If you are familiar with the Intel® Integrated Performance Primitives (Intel® IPP) library you know that it is widely used to build applications built for the Microsoft* Windows*, Linux*, OS X* and Android* operating systems – today's most prevalent "standard" desktop, server, and mobile platforms. Intel IPP library can also be used with applications built for some embedded (Intel® Galileo Board) and real-time operating systems (RTOS), for example, VxWorks* OS. It's not possible to build an Intel IPP application for use on every embedded OS, but if your embedded platform and development tools meet a few key conditions, you might be able to take advantage of the SIMD acceleration provided by this library in your embedded application on a "non-standard" operating system.
The Intel IPP 9.0 library is currently delivered on numbers operating system platforms: Microsoft* Windows*, Linux*, OS X* as host systems, and Windows , Linux, OS X, Android*, Tizen*, WindRiver* and Yocto Project as target systems. Application of the Intel IPP library to a "non-standard" operating system requires the following:
In essence, operating system environments that follow the ABI rules used by Linux OS and the gcc compiler or the Windows OS and Microsoft* Visual C/C++ compiler are candidates for application of the Intel IPP library. Only the single-threaded variant of the Intel IPP library should be used on a non-standard operating system because multi-threaded variants of the library require the OpenMP* library. (Obviously, if your embedded OS is directly derived from the Microsoft Windows and Linux OS, these rules will likely be satisfied.)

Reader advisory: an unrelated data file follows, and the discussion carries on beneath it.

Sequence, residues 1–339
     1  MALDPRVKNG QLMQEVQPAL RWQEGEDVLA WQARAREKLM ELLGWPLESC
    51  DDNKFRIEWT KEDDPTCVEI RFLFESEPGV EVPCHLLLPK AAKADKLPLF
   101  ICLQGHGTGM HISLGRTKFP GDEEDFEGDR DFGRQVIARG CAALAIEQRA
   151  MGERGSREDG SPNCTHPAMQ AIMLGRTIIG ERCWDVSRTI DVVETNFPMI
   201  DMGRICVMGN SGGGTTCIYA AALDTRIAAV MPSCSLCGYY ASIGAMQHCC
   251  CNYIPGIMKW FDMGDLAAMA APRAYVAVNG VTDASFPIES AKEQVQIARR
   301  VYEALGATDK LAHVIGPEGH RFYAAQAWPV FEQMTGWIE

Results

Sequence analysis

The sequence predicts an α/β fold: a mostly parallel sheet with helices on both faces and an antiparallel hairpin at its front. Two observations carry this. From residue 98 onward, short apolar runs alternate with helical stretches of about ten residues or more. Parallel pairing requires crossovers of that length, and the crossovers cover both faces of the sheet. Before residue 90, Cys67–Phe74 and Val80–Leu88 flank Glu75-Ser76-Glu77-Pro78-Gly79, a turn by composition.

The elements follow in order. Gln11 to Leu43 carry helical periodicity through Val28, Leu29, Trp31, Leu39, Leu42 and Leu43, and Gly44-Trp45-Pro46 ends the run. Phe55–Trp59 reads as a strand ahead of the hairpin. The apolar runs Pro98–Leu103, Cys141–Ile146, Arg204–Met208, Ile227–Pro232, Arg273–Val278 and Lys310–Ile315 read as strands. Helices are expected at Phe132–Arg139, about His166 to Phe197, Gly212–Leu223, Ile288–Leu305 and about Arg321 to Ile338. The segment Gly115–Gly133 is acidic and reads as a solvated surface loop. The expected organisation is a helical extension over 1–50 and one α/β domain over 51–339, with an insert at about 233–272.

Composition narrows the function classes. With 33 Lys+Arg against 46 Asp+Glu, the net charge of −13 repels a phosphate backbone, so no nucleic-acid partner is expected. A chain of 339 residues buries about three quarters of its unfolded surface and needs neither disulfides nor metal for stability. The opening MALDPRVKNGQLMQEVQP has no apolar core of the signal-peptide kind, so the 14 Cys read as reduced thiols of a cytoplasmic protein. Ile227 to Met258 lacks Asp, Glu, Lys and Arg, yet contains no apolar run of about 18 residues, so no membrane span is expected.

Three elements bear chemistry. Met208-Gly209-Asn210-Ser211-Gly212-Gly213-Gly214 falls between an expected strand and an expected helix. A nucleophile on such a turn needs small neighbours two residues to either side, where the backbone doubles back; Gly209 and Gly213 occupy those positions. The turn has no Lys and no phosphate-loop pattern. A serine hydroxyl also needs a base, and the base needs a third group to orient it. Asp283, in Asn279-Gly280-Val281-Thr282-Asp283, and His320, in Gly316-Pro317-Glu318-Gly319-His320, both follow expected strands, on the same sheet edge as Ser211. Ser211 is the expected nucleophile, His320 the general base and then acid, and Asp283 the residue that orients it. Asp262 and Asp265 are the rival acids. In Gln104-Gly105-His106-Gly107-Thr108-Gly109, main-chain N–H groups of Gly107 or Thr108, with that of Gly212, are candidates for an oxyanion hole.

The Intel IPP library binaries are built using the Intel® C/C++ compiler; this does not mean that you must also use the Intel® compiler to build your code in if you will utilize the Intel IPP library in your application. Since the library is a C library it uses a standard C calling interface; meaning there are no name mangling complexities to contend with (standard C name mangling rules apply). Likewise, the call-return interface is compatible with the popular compilers and linkers used on the standard operating system platforms mentioned above (Windows and Linux). It is quite common for developers to use the Microsoft Visual Studio* compiler to create Intel IPP Windows applications and the gcc compiler for developing Intel IPP Linux applications.
Only a few functions within the standard C library are needed to satisfy the needs of the Intel IPP library. The library primitives make no direct calls to operating system services and make no assumptions about the type of services that may be available within the underlying operating system. Memory allocation is the only significant operating system service required. As an option, memory allocation requests can be fielded by your own intermediate interface – further removing the operating system dependencies.
The IPP library functions use no locks, semaphores or static memory; they rely only on the calling application’s stack and the standard C library memory allocation routines (malloc/free) for temporary and static memory storage. To completely eliminate the Intel IPP library’s dependency on these C library memory allocation functions you can use the i_malloc interface to substitute your own memory allocation routines for the standard C library routines (see the Intel IPP i_malloc sample for details).
If you restrict your application to the non-threaded static variant of the Intel IPP library, operating system requirements are minimized. Limiting yourself to a single-threaded variant of the library is not a dramatic compromise. Approximately 80% of the functions in the library are single-threaded (only 20% are multi-threaded). You need to use the single-threaded static variant because multi-threading within the Intel IPP library functions is implemented using the OpenMP* multi-threading library. For more information about threading within the Intel IPP library see this KB article: OpenMP and the Intel® IPP Library. In Intel® IPP 8.1 all multi-threaded libraries are deprecated and a number of new APIs are developed as a substitution for internally threaded ones: new FIR function in signal processing, filtering and morphology functions with "Border" suffix in image processing and computer vision domains. These functions can be threaded externally at the application level, that is significantly more efficient from the performance and usability point of view. You can use any threading tool for these functions: from pThreads and Windows API up to high-level OpenMP* and Intel® Threading Building Blocks (Intel® TBB).